Peripheral Neoliberal States
In the periphery, those countries that have been dominated by colonial and neocolonial developed countries, economic and political trends beginning in the 1970s show that neoliberalism has been installed by the use of force. The Latin American experience demonstrates how neoliberalism was established through military operations and coups d’état. In Chile, the democratically elected president Salvador Allende was overthrown and the U.S.-backed dictatorship of Augusto Pinochet proceeded to crush labor unions and popular movements, privatizing a chunk of the public sector. When Pinochet stepped down, initiating a transition to democracy, he left behind the constitution that he had signed and put in place after the coup. Demands to chip away at this “constitution of the dictatorship,” as it is referred to in Chile, are present in Chilean social movements, most recently the student movements seeking to reform the deeply unequal private higher education system. The reforms that were the bedrock of a reactionary counter-revolution in the country were brought about through force, violence, and physical coercion as seen in the torture and systematic repression of the regime’s opponents.
The maintenance of such a regime could only be guaranteed through the dissolution of civil society to ensure that all avenues of dissent were illegal. Political representation in the National Congress was impossible because it was dissolved as civil liberties were proscribed. Organizations of a civil society, including unions, political parties, and groups set up by the Catholic Church to tend to the needs of the families of the disappeared, were treated as opposition organizations and were forbidden. It is estimated that tens of thousands of Chileans were tortured, while up to 200,000 were exiled, shocking the population into submission through fear. The laws regulating dissent were so strict that when the plebiscite was held to transition to democracy, special arrangements needed to be made to allow political groups the ability to organize and campaign, an attempt to reinvigorate a minimal civic culture in the country.
While Chile was the first and one of the main examples of the growth of neoliberalism, it has been far from unique. Economic “shock therapy” has become central to U.S. foreign policy, from Argentina in 1976 to the reintegration of post-communist states into the global capitalist economy. A quick comparison between countries listed as “not-free” by Freedom House and those that employ free-market neoliberal policies stresses this point. From Kazakhstan and Azerbaijan in Central Asia, to the crisis-ridden state of Mexico, and the neoliberal reforms of dictators in the Middle East and North Africa, the notion that capitalism and democracy form a symbiotic relationship and support each other has been debunked. The dissolution of civil society goes hand in hand with the imposition of a neoliberal state through violence, in order to ensure that threats to the state’s activities remain unchallenged.
Core Neoliberal States
In core countries, meanwhile, austerity and authoritarianism follow a different pattern. There, neoliberal political systems have been created through financial coercion and are held hostage by financial interests due to the economic “necessities” created by bankruptcies and budget deficits. The test in this case is New York City, where the consequences of the depression of 1974-75 run deep. Kim Moody, in From Welfare State to Real Estate, traces the political and economic alliance that took advantage of social pressures from deindustrialization, white flight, and global economic crisis to implement the reforms that would give rise to a complete transformation of the city’s social fabric. His analysis shows how a united business elite was able to thwart the democratic interests of the city’s working classes by using the budget, the deficit, and financial coercion to rein in what they saw as an unsustainable welfare state. A crisis regime was put in place representing a business class unified in its desire to reshape the social democratic polity of New York City, using the city government to achieve this transformation. What began as a move by bankers to shut the city out of the bond market evolved by 1975 into the establishment of the Emergency Financial Control Board, which set its sights on imposing tuition on the City University of New York system, increasing the fares for mass transit, and limiting welfare payments. It’s a story that has become all too familiar in the twenty-first century and a tactic that is being replayed in other cities, states, and nations.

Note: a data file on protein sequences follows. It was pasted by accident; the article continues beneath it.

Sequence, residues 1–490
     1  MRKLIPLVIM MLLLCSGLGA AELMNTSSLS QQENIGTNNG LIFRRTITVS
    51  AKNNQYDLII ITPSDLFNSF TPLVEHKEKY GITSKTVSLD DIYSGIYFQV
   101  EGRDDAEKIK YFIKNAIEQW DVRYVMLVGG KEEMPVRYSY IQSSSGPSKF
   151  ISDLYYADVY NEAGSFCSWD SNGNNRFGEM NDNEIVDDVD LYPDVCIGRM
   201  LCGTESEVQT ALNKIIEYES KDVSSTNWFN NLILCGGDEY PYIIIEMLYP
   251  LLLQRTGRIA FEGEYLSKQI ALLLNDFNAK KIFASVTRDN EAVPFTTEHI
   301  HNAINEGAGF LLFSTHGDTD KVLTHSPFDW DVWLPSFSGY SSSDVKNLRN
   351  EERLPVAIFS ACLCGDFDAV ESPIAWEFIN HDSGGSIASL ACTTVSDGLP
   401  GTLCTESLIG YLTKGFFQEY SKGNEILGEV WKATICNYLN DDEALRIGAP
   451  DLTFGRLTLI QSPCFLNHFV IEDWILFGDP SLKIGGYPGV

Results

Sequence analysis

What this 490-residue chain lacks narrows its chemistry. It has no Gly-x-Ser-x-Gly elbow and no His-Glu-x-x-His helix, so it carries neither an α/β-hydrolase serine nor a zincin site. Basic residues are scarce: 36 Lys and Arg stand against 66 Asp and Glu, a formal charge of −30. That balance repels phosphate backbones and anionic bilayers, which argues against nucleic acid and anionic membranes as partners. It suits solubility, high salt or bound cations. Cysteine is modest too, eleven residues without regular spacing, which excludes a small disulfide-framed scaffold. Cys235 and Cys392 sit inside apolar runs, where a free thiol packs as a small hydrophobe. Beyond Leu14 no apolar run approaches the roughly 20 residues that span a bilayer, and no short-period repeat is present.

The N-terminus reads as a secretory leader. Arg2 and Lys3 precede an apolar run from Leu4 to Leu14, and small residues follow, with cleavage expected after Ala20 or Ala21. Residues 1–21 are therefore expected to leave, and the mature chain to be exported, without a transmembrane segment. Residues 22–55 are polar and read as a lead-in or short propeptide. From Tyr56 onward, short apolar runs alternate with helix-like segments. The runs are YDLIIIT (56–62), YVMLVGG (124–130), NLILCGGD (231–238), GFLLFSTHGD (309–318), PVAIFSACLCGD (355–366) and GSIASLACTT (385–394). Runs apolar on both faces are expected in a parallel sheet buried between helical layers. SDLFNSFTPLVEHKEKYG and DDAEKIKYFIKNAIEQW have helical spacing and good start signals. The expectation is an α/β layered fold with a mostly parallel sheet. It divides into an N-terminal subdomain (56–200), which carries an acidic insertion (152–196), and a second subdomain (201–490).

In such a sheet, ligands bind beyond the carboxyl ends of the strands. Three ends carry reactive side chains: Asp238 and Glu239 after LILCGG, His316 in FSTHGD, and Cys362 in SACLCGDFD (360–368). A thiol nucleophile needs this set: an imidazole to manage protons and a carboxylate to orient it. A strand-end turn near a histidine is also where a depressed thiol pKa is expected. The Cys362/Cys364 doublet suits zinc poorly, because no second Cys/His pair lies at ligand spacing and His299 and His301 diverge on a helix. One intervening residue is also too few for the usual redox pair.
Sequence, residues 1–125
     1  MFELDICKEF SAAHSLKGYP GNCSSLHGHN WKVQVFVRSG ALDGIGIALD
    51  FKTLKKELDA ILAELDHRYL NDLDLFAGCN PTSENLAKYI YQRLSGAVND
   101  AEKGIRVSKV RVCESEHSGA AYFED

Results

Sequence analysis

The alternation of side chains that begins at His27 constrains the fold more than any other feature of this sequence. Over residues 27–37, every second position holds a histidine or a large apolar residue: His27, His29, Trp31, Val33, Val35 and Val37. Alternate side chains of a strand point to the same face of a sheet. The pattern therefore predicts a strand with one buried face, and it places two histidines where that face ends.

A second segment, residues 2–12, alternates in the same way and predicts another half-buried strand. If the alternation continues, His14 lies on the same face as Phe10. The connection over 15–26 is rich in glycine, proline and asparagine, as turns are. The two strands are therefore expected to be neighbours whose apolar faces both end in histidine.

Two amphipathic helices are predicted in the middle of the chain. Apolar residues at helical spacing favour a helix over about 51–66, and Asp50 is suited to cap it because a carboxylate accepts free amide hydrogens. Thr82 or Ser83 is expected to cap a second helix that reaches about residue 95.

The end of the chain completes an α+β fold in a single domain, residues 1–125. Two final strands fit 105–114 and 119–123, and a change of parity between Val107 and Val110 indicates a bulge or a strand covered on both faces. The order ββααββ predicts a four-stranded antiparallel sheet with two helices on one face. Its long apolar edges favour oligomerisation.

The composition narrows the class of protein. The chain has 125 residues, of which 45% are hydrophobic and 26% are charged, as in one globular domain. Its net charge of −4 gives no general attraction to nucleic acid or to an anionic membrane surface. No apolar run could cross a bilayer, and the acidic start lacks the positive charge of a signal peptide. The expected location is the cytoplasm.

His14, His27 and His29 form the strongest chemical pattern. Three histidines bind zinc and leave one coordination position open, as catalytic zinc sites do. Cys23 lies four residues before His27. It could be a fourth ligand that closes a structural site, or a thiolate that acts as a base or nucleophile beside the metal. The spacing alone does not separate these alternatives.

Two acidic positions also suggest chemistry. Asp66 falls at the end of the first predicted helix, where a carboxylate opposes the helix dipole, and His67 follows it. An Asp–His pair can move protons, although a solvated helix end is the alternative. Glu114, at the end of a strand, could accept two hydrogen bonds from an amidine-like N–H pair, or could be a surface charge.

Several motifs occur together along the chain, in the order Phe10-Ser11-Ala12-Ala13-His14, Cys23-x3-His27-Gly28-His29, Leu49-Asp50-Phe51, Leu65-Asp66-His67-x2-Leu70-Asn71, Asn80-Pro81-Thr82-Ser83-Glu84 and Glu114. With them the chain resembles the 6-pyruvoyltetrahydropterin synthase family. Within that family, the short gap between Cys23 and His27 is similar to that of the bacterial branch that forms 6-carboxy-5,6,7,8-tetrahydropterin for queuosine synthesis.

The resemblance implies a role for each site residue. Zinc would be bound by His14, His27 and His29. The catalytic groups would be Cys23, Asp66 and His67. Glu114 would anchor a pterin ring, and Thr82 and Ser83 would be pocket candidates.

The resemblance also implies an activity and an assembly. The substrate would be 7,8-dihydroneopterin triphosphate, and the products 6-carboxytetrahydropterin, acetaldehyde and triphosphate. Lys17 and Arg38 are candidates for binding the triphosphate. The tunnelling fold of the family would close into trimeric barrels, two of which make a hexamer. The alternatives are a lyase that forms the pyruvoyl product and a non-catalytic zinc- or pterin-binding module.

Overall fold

Given the history of uninterrupted constitutional rule in the United States, the installation of neoliberalism requires the engineering of society through the transformation of institutions. By giving the market the freedom to determine when wages will be lowered, when jobs will be shed, and when communities will be destroyed, while simultaneously dismantling social welfare programs to increase the market’s authority, a social crisis is produced that requires a police force to maintain order. This relationship has inspired the work of sociologist Loïc Wacquant for two decades. Combining a Marxist materialist approach to observe the socio-economic conditions that have influenced the growth of the American penal system with a Durkheimian symbolic perspective, which stresses how the prison serves as a symbol of disciplining power, his work Punishing the Poor argues that the expansion of correctional facilities should be seen as correlated with the rise of the neoliberal state. He notes how “welfare reform” corresponded with the expansion of the imprisoned population, signaling a shift in how contemporary neoliberal society treats the most vulnerable among us. This means that not only do prisons and jails serve as the place to physically keep those who have been convicted of criminal behavior, but they also serve as an alternative source of labor-power harvesting. The Thirteenth Amendment to the U.S. Constitution explicitly allows penal labor, and while this has historically been organized by state-run corporations such as UNICOR, recent legislation allows the private sector to tap into the penal labor pool. Meant as an alternative to outsourcing, this practice is referred to as “smart-sourcing” (see http://www.unicor.gov/services/contact_helpdesk/).